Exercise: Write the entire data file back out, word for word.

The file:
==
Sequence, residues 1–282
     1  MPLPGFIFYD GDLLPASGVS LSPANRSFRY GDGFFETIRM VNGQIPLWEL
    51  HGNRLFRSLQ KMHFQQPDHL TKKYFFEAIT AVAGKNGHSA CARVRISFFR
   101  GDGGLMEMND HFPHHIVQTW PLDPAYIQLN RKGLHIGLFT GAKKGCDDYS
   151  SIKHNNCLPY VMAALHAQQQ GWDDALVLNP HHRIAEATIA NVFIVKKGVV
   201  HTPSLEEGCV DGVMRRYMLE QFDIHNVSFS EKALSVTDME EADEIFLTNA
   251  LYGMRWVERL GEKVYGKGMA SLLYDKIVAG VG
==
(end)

Sequence, residues 1–282
     1  MPLPGFIFYD GDLLPASGVS LSPANRSFRY GDGFFETIRM VNGQIPLWEL
    51  HGNRLFRSLQ KMHFQQPDHL TKKYFFEAIT AVAGKNGHSA CARVRISFFR
   101  GDGGLMEMND HFPHHIVQTW PLDPAYIQLN RKGLHIGLFT GAKKGCDDYS
   151  SIKHNNCLPY VMAALHAQQQ GWDDALVLNP HHRIAEATIA NVFIVKKGVV
   201  HTPSLEEGCV DGVMRRYMLE QFDIHNVSFS EKALSVTDME EADEIFLTNA
   251  LYGMRWVERL GEKVYGKGMA SLLYDKIVAG VG